Why We Write

January 28, 2008

Why We Write – Number 31: Michael Oates Palmer

Filed under: Uncategorized — Charlie Craig @ 8:05 am
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Number 31

Today’s piece is written by Michael Oates Palmer, who’s written for The West Wing, Shark, Army Wives, and several shows with the word “Justice” in the title.

 

I write because when I was six years old, my grandfather would take me to his favorite hang-out, the Stop Inn, a dive bar on the corner of a row house street in Northeast Philadelphia.  He’d let me sit on a stool and drink a Roy Rogers, while he and his cronies told stories for hours.  Then we’d stop at 7-Eleven on the way home, and he’d buy me comic books.

Because writing gave my mother a ticket out of Northeast Philadelphia, and gave her a home out in the world.  Because my father used words to try to stop a war.  Because I grew up surrounded by political posters and buttons, and because I took the UFW slogan There’s Blood on Those Grapes literally.

Because when I was four years old, I turned to my mom at Mann’s Chinese, five minutes into Superman, and told her we had to get out, the planet was about to explode.  She waited with me in the lobby until Baby Kal-El was safely on his way to Earth.

Because when I was seven, my mother would bring home reams of carbon paper that she’d swiped from her job as an LA Times reporter, and when I rolled it into the Smith-Corona, I’d hunt-and-peck little three page scripts.   Because growing up off of Franklin Avenue and Bronson, the studio lots were the mansion on the hill.

Because while I watched a lot of Diff’rent Strokes and Happy Days, I also watched hours and hours of the Z Channel.  Because I was the Greatest American Hero for Halloween when I was seven.  Because I couldn’t understand why if I loved the show and watched it every week, NBC could go and cancel Misfits of Science.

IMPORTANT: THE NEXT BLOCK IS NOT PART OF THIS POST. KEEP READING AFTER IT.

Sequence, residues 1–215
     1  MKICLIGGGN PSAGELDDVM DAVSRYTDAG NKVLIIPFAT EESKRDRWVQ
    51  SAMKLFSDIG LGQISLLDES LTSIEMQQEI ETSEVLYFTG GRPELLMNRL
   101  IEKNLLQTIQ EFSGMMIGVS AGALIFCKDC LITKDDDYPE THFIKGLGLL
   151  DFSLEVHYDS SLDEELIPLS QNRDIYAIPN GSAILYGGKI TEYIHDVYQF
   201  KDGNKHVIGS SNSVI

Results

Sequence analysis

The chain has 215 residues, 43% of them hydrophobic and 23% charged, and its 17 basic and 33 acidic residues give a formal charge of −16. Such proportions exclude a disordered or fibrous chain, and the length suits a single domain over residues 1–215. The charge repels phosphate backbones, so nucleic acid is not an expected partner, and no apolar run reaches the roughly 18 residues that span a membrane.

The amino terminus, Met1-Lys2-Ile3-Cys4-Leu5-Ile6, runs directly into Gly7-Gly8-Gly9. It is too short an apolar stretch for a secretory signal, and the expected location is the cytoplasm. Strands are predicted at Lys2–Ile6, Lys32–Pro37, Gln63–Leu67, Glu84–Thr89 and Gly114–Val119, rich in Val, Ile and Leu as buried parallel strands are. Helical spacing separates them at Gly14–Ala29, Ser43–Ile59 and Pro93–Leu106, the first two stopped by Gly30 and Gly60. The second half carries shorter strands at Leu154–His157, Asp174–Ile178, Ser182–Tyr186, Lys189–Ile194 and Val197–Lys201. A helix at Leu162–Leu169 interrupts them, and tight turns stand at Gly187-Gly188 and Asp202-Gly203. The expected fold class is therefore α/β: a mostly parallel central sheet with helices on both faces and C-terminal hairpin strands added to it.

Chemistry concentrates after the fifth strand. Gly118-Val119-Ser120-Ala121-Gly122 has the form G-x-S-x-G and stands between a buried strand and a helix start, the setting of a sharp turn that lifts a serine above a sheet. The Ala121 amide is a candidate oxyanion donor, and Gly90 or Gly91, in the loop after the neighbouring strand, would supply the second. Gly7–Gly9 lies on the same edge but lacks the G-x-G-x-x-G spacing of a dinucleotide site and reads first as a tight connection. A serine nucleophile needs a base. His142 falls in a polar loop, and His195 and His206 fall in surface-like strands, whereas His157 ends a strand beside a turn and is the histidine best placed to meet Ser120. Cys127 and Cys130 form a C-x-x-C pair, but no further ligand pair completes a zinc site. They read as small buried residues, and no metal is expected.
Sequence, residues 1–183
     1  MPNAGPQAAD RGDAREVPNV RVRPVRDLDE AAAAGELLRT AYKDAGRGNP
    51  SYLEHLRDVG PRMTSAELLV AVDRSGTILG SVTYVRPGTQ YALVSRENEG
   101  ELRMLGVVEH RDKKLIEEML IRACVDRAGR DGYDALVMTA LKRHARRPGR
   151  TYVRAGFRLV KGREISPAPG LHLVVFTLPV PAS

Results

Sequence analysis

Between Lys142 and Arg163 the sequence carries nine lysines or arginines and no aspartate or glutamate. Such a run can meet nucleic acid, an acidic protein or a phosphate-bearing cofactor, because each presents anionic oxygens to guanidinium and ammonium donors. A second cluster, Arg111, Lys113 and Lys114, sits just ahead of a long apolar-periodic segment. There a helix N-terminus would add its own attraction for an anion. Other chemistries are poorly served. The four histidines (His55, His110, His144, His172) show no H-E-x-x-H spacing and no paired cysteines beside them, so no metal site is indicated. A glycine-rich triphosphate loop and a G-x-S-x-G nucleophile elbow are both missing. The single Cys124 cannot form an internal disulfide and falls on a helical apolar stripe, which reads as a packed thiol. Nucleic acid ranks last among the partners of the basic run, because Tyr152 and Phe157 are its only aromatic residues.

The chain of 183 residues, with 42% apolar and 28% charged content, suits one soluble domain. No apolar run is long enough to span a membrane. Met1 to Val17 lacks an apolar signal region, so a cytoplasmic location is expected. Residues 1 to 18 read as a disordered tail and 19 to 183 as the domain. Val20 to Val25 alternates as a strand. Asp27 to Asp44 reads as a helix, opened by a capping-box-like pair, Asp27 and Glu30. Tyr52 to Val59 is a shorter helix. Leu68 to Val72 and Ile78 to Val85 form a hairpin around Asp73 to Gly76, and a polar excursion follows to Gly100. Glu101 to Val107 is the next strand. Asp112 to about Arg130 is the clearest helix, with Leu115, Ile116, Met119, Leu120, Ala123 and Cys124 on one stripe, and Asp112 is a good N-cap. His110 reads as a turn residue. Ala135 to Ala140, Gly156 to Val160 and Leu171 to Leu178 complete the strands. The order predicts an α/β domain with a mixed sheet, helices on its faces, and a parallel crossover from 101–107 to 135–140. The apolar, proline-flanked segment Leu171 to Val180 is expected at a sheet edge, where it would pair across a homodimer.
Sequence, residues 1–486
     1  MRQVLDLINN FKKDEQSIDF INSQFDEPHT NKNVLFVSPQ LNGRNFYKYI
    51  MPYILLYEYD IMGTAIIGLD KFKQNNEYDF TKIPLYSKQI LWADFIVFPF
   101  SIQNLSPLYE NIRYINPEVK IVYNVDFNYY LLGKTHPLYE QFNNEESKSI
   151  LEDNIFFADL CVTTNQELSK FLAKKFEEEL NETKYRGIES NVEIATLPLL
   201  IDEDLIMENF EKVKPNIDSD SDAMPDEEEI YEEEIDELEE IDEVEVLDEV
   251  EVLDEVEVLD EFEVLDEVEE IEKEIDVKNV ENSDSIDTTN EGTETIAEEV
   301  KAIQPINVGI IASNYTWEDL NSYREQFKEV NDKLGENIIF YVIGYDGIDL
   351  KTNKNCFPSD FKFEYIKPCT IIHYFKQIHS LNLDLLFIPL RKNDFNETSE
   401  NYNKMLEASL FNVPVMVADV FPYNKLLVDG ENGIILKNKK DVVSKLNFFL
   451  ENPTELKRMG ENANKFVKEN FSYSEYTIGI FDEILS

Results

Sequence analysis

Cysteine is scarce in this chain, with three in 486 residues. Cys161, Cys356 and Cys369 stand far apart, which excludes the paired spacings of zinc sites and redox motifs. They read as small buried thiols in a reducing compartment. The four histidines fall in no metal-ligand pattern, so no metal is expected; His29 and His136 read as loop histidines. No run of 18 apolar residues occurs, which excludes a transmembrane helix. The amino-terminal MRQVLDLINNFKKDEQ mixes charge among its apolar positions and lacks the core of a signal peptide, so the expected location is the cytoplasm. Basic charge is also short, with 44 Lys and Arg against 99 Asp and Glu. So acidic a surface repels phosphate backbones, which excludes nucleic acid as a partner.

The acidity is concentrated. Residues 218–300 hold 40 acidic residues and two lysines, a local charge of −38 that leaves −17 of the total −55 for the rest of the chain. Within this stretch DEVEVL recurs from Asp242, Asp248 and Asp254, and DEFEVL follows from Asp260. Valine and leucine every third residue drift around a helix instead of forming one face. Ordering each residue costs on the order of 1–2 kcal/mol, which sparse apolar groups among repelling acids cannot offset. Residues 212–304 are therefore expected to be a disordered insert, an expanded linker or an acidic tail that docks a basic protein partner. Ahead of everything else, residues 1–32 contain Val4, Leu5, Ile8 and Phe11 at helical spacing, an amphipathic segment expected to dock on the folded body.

Because when I was thirteen, I read every Kurt Vonnegut novel there was, and when I was eighteen, I read every Raymond Carver story there was, and when I was twenty-five, I read every Wallace Stegner novel there was.

Because I was shitty at sports, wasn’t cool enough for the theater kids, and speech and debate was lame.  Because when I was seventeen, I wrote an article for the school paper that almost got me expelled, and did get me punched in the face on the schoolyard.  While the Vice Principal watched.  Smiling.

Because in college, I learned that music journalists got to go backstage.  Because I loved rock and roll, but was a lousy guitarist, and realized at around 21 that all of the rock critics I worshipped were having a tough time paying their health insurance. 

Because on first dates, people don’t go out for dinner and a hedge fund.  Because applause is a pat on the head.  Because Sullivan’s Travels was right.  Because aside from his father’s funeral, the only time I’ve seen my dad cry is at the movies.  Because I’ve always hoped that words would allow me to be my own best Cyrano. 

Because when the writing’s going well, there’s a high.  Because when it’s going poorly, you call another friend up, and then you can talk for fifteen minutes about how it’s going poorly, and then you talk about food.

Because it feels good to sell a script when everyone tells you it’s an impossible sale.  Because the writers’ room can either have the chemistry of a newsroom and the camaraderie of the varsity squad, or it can be as dysfunctional as Lord of the Flies.  Because while it hurts to get fired, it gives you something to prove.

Because it was one of only three things I was ever good at, I couldn’t figure out how to earn a living make mix tapes, and the third thing is illegal.

Because no matter how many times you see them, Duck Soup is still funny, The Manchurian Candidate is still jolting, Rosemary’s Baby is still scary, and, when you’ve had a lousy day, Donald O’Connor’s “Make ‘Em Laugh” bit in Singin’ in the Rain can still put you in a good mood.  Every time.

Because I started looking forward to seeing the folks I met at a random gate on Culver Blvd outside the Sony lot – Julie Bean, Matthew Carlson, Rick Groel, Sam Johnson, Chris Ord, Bill Robertson, Mike Schiff, Lew Schneider, and Wally Wolodarsky – every day at six in the morning.  Even if some mornings I didn’t get there until 6:30.  (Sorry about that.)